Haggling is not a recognized part of doing business in TCI.

Dangers & Annoyances

TCI is one of the safest countries in the Caribbean, but of course natural precautions should be taken.

  • A few robberies and muggings take place each year – almost all on Provo, and almost all against locals.
  • Avoid leaving anything of value in cars, especially at remote sites and beaches.
  • Locals recommend leaving your hire car unlocked, to avoid broken windows.
  • Drunk driving is common in Provo, especially on weekend nights and after the Fish Fry. Be extra cautious at these times.
  • Driving in general can be erratic, especially from jitneys (unlicensed taxis) who will stop, pull out or change lanes abruptly.

Police Stations


Electrical current 120V, 60Hz. Sockets are two- or three-prong US standard.

Embassies & Consulates

Only Jamaica, Germany, Haiti and the US have consular representation in TCI; the UK is represented by the office of the governor, on Grand Turk. Other countries are generally represented in Nassau (the Bahamas) or Kingston (Jamaica).

Emergency & Important Numbers

Country Code 649

Emergency 911

Entry & Exit Formalities

Customs Regulations

TCI imposes specific requirements for the export of conch and other shells: permits must be acquired from the Department of Economic and Maritime Affairs. For conch, these permits can only be obtained during the open season for the species.


All visitors need a valid passport to enter the country. Proof of onward transportation may be required at entry.


No visas are required for citizens of the US, Canada, the UK, Commonwealth countries and most of the EU. ESTA authorization or a visa is required to transit through the USA.


Most residents are predominantly Christian, and can be quite conservative, especially in islands beyond Provo. They're well used to overseas visitors, however, and are welcoming and understanding of cultural differences. Overall, there are no secrets: openness, basic politeness and respectful behavior is all you need to remember.

LGBT Travellers

As in most Caribbean destinations, the attitude toward gay and lesbian travelers in the Turks and Caicos is not progressive. While totally legal, gay sex remains a taboo subject here, particularly with reference to gay men. As more visitors arrive, and brave locals normalize identities and behaviors beyond the hetero-norm, some degree of acceptance has been forthcoming. However, there is still no openly gay scene to speak of, and LGBT travelers may decide to fly under the radar.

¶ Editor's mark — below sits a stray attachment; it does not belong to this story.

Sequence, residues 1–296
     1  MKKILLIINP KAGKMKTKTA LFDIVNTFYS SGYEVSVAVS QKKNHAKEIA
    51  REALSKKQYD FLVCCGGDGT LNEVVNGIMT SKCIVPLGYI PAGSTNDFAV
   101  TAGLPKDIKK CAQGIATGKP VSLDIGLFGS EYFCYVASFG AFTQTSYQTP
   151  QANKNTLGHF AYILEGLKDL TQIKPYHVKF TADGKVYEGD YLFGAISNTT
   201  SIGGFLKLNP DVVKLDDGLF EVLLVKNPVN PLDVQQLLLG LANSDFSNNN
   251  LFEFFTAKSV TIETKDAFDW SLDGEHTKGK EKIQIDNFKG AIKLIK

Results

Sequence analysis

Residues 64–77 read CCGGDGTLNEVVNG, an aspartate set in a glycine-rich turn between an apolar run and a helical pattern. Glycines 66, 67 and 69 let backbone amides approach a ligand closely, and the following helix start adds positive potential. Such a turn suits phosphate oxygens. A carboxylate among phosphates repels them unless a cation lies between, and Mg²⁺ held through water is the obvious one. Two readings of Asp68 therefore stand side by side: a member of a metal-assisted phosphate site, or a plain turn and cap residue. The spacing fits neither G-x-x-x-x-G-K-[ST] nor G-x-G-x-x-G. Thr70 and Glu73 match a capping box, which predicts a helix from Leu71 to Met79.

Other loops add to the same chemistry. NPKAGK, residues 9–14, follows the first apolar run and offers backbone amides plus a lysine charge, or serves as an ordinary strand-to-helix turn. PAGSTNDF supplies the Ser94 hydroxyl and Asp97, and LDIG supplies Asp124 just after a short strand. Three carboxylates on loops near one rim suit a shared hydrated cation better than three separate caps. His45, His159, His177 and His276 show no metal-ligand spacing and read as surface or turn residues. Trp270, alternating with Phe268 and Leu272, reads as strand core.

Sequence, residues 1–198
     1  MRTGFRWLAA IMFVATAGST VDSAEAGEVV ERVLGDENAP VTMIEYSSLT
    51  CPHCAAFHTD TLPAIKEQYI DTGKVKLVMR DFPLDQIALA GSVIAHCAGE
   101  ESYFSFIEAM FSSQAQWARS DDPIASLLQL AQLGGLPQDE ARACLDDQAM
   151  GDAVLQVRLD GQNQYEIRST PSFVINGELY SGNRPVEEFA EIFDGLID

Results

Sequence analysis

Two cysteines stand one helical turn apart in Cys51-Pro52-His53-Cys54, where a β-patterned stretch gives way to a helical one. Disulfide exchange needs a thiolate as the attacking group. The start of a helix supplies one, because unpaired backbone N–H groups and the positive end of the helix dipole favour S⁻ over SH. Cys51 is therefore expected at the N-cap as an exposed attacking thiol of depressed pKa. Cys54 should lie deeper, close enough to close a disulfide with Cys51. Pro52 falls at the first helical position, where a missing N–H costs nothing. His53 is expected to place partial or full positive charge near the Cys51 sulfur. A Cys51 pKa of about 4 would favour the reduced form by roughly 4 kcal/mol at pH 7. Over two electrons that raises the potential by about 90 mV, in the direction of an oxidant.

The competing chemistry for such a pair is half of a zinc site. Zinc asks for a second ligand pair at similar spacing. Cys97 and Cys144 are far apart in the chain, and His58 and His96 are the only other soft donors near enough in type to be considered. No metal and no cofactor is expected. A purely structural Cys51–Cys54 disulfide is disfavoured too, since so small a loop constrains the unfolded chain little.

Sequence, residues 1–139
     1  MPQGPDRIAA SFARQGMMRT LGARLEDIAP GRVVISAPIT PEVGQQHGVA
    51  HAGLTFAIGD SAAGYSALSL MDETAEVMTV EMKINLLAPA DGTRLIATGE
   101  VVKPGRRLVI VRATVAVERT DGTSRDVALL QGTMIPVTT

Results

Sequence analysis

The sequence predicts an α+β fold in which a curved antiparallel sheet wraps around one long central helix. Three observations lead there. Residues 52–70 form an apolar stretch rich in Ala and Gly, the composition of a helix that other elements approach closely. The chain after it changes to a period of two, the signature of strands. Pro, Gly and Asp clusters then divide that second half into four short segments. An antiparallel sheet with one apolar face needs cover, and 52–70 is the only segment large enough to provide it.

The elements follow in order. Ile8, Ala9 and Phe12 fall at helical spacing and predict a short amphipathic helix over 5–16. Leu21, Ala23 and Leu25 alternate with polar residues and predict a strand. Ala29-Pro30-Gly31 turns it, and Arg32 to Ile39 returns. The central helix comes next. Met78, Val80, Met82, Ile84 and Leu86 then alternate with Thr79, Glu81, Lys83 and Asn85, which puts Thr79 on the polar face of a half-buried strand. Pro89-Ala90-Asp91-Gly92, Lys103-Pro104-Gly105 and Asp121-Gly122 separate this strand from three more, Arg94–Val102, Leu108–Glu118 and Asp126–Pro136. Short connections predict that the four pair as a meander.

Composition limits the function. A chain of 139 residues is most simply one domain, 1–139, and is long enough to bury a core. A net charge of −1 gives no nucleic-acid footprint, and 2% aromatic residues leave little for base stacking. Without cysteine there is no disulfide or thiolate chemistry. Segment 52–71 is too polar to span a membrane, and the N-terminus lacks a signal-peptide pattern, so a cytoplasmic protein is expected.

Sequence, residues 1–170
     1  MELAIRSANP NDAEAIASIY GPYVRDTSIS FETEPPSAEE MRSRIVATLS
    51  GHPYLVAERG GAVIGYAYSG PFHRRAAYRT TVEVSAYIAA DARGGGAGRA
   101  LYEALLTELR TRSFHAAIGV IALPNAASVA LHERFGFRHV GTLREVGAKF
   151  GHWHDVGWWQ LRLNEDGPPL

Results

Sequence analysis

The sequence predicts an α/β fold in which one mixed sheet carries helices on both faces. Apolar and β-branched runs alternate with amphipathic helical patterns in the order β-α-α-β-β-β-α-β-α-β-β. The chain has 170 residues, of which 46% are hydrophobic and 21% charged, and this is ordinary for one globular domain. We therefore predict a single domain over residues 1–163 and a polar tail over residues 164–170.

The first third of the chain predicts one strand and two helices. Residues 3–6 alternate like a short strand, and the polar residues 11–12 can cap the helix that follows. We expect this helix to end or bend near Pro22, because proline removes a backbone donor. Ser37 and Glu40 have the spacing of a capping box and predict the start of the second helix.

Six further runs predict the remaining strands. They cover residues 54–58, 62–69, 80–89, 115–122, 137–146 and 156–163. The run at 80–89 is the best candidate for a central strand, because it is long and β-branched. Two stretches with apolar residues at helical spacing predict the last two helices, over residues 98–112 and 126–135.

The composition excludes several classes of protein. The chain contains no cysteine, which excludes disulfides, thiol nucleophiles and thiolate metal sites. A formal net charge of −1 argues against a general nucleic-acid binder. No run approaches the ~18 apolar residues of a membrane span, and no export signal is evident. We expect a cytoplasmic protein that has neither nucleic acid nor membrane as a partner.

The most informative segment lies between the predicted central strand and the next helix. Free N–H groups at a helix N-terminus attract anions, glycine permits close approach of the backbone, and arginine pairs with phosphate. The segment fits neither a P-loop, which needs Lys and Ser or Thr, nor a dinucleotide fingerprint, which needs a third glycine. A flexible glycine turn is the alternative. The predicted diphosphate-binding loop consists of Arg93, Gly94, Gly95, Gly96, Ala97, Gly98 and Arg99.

Internet Access

Internet access in the Turks is getting easier all the time. Wi-fi is offered free of charge in nearly all hotels and most restaurants and bars, while internet cafes and in-house terminals are getting rarer. It’s a good idea to bring a smart phone or laptop with you to guarantee ease of access.


  • Television Aside from cable services from neighbors (particularly the USA), TCI is served by 4NEWS and Channel 8 from Provo, and Turks and Caicos Television from Grand Turk.
  • Newspapers Weekly, digital and regional publications include Turks & Caicos Weekly News (, Caribbean News Now ( and TCI Enews (
  • Radio There are over 20 AM and FM radio stations throughout the islands, including 107.7 Radio Turks & Caicos FM, 99.9 Kiss FM and 93.9 Island FM.
  • Magazines Key publications covering dining, accommodations and culture are Where When How ( and Times of the Islands (


ATMs are found in Providenciales and Grand Turk, but are less common elsewhere. Always carry some cash – the US dollar is the official currency. Turks and Caicos crowns and quarters are issued for small change.

Exchange Rates

New ZealandNZ$1$0.72

For current exchange rates, see


Tip 15% in restaurants and for taxi drivers. However, check your bill, as many restaurants add a service charge automatically.

Opening Hours

Expect limited hours away from Provo or touristy areas.

Bars 11am-2am

Businesses 9am-5pm Mon-Sat

Restaurants breakfast from 8am, lunch from noon, dinner 6:30pm-9pm